Details galore at thrilling Castle Stuart Golf Links in the Highlands of Scotland
INVERNESS, SCOTLAND – If details make or break a property, ambitious Castle Stuart Golf Links should thrive.
That’s the impression I had today after 18 holes, followed by a coffee with one of the owners, Grant Sword. Sword is an accomplished hotelier in the Highlands. In fact, he ran the Royal Golf Hotel in Dornoch before it was sold. When the new owners went under and sold the property in 2006, Sword led an operating team that finally got it running again last summer, and it’s back to shining bright on the doorstep of Royal Dornoch. He is also overseeing plans for Castle Stuart’s upcoming Dormy House and luxury hotel.
Castle Stuart’s 12th and 13th hole showcases, in my opinion, the most thoughtful of many aspects to the operation. The 12th (pictured above from the 17th tee) is one of six holes that plays on a low-lying strip of land on the Moray Firth beneath a 150-foot seawall (where 12 other holes lie atop a plateau). To lessen the burden of climbing up this wall to the 13th, the architects moved sand from the 13th hole (which helped create the giant bunker below the fairway on the left) down to the 12th fairway, which now makes the hole gradually rise tee to green. It also helps give this par 5 some intimidation on a course that is otherwise free-swinging off the tee.
But here is where the details get scary impressive: Golfers are given a coin at the starter shack (any American will gladly take a freebie when taking their greenbacks abroad), good for a soda or water at a vending machine halfway up the path between the 12th and 13th.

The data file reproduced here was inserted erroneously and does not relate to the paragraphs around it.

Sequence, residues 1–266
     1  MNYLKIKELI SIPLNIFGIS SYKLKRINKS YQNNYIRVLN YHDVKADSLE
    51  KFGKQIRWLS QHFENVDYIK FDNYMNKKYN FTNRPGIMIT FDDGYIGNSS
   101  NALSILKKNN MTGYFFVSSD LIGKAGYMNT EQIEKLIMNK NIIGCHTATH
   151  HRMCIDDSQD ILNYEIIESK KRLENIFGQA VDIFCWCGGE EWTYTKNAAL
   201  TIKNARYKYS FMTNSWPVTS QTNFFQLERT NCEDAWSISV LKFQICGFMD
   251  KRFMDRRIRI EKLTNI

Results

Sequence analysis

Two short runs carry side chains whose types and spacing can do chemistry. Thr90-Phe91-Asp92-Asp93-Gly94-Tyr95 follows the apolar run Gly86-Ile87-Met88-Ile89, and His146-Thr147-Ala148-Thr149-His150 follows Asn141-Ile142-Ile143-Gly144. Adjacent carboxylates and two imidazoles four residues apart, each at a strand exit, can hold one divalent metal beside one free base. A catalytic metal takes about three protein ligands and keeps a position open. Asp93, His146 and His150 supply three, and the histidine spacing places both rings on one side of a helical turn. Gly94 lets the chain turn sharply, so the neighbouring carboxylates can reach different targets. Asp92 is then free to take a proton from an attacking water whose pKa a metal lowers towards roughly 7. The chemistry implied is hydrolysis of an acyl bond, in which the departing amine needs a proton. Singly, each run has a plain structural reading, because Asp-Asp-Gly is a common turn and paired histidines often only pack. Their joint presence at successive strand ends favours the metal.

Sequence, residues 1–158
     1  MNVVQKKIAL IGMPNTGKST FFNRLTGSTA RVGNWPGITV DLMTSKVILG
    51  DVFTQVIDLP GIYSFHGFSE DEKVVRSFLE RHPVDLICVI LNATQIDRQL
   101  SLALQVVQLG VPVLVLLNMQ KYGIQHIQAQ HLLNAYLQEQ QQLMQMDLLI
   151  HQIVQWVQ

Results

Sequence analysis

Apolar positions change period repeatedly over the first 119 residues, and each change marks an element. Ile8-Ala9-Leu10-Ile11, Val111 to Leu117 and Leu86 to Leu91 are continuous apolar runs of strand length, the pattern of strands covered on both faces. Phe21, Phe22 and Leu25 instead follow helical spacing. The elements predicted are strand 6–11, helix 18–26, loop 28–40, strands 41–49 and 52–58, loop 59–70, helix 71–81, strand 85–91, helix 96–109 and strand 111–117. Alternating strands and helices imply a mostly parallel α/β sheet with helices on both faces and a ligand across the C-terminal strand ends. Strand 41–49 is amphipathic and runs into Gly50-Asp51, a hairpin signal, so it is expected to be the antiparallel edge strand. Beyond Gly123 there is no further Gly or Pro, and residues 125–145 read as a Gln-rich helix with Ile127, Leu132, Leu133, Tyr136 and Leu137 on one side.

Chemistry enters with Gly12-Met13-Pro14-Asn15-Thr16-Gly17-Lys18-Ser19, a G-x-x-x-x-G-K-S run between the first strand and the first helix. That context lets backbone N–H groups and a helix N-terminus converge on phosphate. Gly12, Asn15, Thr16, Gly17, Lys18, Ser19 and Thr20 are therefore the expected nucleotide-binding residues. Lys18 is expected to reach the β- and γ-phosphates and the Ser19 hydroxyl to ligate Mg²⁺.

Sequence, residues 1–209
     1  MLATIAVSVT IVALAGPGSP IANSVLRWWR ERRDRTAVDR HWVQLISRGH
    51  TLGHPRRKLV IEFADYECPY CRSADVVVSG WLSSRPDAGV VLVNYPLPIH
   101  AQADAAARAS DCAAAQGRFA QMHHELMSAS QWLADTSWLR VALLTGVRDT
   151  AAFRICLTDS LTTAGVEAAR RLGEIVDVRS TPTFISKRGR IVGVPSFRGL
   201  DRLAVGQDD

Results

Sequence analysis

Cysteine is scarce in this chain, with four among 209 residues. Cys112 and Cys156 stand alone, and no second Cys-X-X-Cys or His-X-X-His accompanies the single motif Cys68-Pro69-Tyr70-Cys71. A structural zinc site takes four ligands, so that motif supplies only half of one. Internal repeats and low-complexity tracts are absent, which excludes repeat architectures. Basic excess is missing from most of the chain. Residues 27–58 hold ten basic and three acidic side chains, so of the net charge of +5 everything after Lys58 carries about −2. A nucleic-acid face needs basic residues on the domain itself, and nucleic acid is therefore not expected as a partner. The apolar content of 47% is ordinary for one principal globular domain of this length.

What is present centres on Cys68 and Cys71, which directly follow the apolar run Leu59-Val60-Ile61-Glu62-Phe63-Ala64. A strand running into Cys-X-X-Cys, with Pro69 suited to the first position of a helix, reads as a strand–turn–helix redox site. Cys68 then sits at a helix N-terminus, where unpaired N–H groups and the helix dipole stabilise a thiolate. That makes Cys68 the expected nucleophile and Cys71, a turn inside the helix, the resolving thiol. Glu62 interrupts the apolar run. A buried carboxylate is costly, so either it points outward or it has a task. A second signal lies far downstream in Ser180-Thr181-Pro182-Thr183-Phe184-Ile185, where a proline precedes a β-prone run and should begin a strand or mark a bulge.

Ownership instituted this perk in order to break up the 40-foot ascent just a little more. And when you get to the 13th, the fairway is probably the most forgiving drive on the whole course. After a swig or two, the heart rate should be fine and dandy.
Details are everything. I thought about details after the round when I stopped into a Nairn Fish Shop off A96 and ordered a chili cheese dog. It was served to me in a styrofoam box and upon opening it, was upside down. I spent the next few minutes scraping cheese, piecing it into something edible and wishing I had eaten at the clubhouse. Details, like serving a chili dog chili up, were an afterthought here.
Full review and more coming to the network soon on Castle Stuart. Like many of the links in Scotland, there is plenty to write about…
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